By Patrick Cavanaugh, Editor

California Ag Today recently spoke with Tom Jones, senior director of analytical services with the Safe Food Alliance, about the new state of the art food safety lab in Kingsburg.

“We have laboratories, not only here but also in Kerman, Winters, as well as Yuba City,” Jones said. “But this is a big lab; our main lab that will provide plenty of space for research and testing.”

food safety
Tom Jones Sr. Director of Analytic Services for Safe Food Alliance

“We were in a laboratory in downtown Fresno that … was less than  8,000 square feet. We’re now in more than 20,000 square feet, and it’s made a tremendous difference—a lot more space and capacity for us to do our work,” Jones explained.

There is adequate room for additional sample storage, more instrumentation as the business grows and more people doing more work.

“We also have room for additional incubation of samples, so in the microbiological testing, that’s a big issue,” Jones said. “It is a much easier place to work in.”

“The first piece of instrumentation actually installed in the new lab before we officially moved in was our GC Mass Spectrometer Time of Flight system, and it’s a powerful system to be able to analyze for unknown compounds,” Jones said. “If you have a problem … you can take that sample, run it through the GC Mass Spectrometer and start getting data right away. Even if you don’t know what you’re exactly analyzing for, you can actually start the process there, so that’s really exciting.”

“You need qualified people to run that machine So, that’s a big part of the testing world as well. And the end goal of all of this new technology is to keep consumers safe,” Jones continued. “Our mission is to see a safe food supply from farm to fork, and we’re really excited to have this facility because we can test to a wider range of food products, using a wider range of analysis. We are here to help support our agricultural community as well as the food processing community as we export to the world.”

(Additional Photo is of the Open House at the new lab in Kingsburg.)

Safe Food Alliance Helps Keep Food Safe

Standard is Parts Per Billion Today

By Patrick Cavanaugh, Editor

California Ag Today recently spoke with Mark Mariani, executive chairman of the Mariani Packing Company in Vacaville and outgoing chairman of the Safe Food Alliance, which recently opened a new laboratory in Kingsburg to provide further research into food safety.

Mark Mariani

“We’ve been members since 1946, and the fact that the produce industry is self-policing is very unique,” Mariani said.

“The reason why we enjoyed the DFA and now the SFA is the fact that we are very concerned about food safety and so we are in a very unique industry in the sense that we self-police ourselves and so this is not something new. We’ve been doing it for over 100 years,” he explained.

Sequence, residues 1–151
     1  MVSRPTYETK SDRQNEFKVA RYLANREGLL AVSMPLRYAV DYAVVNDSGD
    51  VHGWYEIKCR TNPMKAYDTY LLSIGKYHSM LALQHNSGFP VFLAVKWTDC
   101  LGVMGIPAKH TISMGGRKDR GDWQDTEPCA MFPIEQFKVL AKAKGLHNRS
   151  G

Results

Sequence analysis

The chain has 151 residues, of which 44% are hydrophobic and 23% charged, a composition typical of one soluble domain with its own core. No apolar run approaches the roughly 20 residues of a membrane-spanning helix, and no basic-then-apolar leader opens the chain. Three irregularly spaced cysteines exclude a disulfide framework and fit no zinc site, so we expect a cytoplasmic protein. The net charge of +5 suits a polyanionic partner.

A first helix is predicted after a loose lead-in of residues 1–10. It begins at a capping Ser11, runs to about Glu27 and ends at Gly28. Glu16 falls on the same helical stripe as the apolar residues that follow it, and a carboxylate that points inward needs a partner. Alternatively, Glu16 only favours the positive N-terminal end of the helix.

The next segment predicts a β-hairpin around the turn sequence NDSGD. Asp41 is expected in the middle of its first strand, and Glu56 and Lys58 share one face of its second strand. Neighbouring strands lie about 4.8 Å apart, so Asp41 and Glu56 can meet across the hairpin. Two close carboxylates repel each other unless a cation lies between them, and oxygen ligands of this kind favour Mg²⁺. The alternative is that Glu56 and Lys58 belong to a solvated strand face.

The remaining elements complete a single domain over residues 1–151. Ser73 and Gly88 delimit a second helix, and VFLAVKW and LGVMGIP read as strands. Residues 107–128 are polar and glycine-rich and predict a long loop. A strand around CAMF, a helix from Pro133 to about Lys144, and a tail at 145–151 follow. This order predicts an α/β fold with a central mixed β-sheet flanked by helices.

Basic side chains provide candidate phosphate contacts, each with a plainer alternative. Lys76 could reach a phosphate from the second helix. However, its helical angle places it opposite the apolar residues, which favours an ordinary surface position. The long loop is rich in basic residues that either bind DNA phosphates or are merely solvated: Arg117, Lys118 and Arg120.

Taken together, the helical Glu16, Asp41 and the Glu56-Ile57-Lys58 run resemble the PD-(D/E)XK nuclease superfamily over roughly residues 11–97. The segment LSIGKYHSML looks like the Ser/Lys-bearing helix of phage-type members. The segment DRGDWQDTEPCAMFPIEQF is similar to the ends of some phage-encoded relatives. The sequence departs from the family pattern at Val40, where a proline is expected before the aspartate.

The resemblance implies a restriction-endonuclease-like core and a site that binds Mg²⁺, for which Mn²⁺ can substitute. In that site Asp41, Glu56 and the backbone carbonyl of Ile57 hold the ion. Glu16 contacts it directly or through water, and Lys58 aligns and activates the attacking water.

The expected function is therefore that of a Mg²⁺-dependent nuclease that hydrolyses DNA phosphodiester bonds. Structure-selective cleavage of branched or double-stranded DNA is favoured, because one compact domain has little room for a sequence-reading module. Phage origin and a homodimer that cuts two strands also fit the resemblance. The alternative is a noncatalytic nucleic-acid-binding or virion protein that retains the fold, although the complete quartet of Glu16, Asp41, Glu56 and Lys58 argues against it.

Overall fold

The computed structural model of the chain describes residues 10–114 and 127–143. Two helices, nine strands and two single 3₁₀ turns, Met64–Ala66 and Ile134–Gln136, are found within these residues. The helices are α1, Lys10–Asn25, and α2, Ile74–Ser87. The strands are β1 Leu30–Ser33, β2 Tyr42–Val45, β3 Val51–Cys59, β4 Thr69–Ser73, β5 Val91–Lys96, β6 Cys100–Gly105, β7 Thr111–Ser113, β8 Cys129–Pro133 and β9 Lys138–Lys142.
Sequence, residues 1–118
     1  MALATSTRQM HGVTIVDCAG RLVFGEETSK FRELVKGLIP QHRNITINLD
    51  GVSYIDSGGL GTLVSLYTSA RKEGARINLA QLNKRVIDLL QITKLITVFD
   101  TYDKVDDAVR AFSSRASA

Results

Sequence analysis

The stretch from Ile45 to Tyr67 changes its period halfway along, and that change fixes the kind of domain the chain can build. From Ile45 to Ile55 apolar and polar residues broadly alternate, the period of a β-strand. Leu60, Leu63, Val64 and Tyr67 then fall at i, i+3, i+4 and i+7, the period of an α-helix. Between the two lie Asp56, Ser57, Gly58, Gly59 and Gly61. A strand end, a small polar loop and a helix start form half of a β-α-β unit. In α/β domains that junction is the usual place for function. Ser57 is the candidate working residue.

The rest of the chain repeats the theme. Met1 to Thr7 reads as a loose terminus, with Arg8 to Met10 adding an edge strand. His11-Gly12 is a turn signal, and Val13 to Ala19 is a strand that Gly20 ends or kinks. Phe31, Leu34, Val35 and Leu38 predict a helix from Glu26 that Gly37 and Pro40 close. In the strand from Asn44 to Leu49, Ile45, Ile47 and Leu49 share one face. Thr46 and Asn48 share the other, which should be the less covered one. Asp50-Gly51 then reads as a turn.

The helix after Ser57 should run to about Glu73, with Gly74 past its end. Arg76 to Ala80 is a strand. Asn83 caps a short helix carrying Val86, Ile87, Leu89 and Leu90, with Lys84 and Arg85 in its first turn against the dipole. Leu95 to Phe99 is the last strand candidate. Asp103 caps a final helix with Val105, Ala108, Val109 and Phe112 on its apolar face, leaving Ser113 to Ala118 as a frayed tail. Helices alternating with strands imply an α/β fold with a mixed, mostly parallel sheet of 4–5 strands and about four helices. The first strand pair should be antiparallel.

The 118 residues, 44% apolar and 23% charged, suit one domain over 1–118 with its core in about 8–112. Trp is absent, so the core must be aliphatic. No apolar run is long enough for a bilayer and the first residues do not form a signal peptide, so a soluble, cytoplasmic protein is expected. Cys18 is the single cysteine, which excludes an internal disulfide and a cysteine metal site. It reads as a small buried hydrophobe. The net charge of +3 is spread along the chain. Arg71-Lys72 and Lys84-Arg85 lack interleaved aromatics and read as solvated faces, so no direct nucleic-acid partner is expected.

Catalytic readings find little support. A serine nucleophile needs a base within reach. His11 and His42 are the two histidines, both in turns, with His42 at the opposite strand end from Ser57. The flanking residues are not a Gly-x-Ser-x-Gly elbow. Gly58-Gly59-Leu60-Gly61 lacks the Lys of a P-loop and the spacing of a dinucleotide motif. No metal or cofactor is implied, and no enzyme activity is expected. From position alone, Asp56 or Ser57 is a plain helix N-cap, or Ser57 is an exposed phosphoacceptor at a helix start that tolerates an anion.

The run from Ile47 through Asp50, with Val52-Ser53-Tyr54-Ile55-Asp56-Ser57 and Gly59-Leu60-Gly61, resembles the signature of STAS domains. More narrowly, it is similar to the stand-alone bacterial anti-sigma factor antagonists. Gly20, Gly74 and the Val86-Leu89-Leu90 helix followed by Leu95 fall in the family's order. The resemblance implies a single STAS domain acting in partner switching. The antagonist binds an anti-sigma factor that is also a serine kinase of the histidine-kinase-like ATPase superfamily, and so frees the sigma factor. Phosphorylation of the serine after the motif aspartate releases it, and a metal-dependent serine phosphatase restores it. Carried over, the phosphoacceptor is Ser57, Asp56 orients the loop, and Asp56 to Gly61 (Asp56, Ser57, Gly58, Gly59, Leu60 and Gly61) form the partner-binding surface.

“It’s not the new trend, and so being part of the DFA and SFA gives us the opportunity to not only look at the way we do our practices in our manufacturing practices, but also it gives us an opportunity to look at how we test our products,” Mariani said. “And back in the day, we used to be happy with one part per million detections of something. Today, we’re insisting on one part per billion.”

President/CEO Westside Produce on Food Safety

Stephen Patricio, President and CEO of Westside Produce, a grower, packer and shipper of cantaloupe for California and Arizona, talks about food safety of our locally grown foods.

“The Center for Produce Safety is a 7 year-old organization that facilitates science-based actionable research to improve the quality as well as the safety of the healthy fruits, vegetables and tree nuts we are so proud of,” said Patricio.

Patricio commented that in general, growers have a great understanding of food safety. “There’s been a tremendous awareness over the years I’ve been actively involved, and we’re maturing everyday. Realistically, the industry matures, the workers mature, because the elements of food safety don’t exist in an ivory tower or in an office, or in a tractor or in a shop; they exist everywhere on the farm,” said Patricio.

“From the absolute beginnings on the dirt all the way through the packing houses to the shipping docks to the sales offices; it’s a culture. Food Safety is a culture, not just an action,” he added.

And for those consumers worried about the nutrition and safety of their produce, Patricio reassures that everyone involved in produce cares just as much as they do. “What I continue to tell people is that there is not a farmer, producer, or grower anywhere who doesn’t eat the product that they produced themselves. And, they feed it to their family, their children, their grandchildren. And they’re proud of it, they’re happy with it.”

Patricio continued, “If that’s the approach that people simply take to their daily actions and activities, well, I don’t have to worry about the safety of food. We just have to use our heads and manage temperature and everything from spoilage to cross-contamination that can happen anywhere. But you do a good job of creating a safe product,” said Patricio.

The beauty of California produce, according to Patricio is that it is “not a sterile environment. Everything isn’t produced in a factory, taken off a shelf, or torn out of a plastic container. It’s all healthy and from nature. It’s in God’s container and we just have to do our job of not contaminating it.”